O is for Tapanuli Orangutan
The identification of the Tapanuli Orangutan was announced in November 2017 when scientists revealed the major discovery of a new species of great ape. With only an estimated 800 individuals remaining, the Tapanuli orangutan is the most endangered great ape species in the world.
This species is found in the forested uplands of the Batang Toru ecosystem in northern Sumatra, Indonesia. According to an Indonesian folktale, orangutans are so smart, they keep silent in order not be enslaved by humans.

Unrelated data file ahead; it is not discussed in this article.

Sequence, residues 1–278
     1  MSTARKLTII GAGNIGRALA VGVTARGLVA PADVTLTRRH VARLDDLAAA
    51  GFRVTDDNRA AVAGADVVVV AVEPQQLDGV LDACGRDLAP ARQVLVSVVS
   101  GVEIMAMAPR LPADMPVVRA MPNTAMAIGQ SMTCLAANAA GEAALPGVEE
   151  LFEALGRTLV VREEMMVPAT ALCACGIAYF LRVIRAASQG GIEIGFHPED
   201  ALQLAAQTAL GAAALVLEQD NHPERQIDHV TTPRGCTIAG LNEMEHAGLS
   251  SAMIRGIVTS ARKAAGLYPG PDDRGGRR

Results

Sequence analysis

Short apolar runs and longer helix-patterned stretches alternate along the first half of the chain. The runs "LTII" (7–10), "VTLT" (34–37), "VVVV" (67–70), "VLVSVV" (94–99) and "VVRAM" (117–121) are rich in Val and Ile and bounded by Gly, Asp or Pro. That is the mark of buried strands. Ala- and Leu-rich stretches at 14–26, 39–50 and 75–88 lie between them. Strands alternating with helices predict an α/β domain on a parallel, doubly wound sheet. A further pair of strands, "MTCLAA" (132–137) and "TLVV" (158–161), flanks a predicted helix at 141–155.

At first glance, the Tapanuli orangutans appear similar to the other two species, but there are significant skull and dental morphological differences. The head is smaller than that of Sumatran or Bornean orangutans, for instance, the eye sockets are narrower, and so is the mouth. The coat is cinnamon color and is thicker and frizzier than that of the other two species.
The Tapanuli orangutan’s diet is similar to that of other orangutan species—they eat a lot of fruit, leaves, saplings, buds, and small insects; however, this is the only species known to eat pinecones and caterpillars.
Orangutans are the largest tree-dwelling animals on earth.
Work on the hydropower plant in the Batang Toru ecosystem in Indonesia’s North Sumatra province is a major threat to the continued survival of the Tapanuli Orangutan.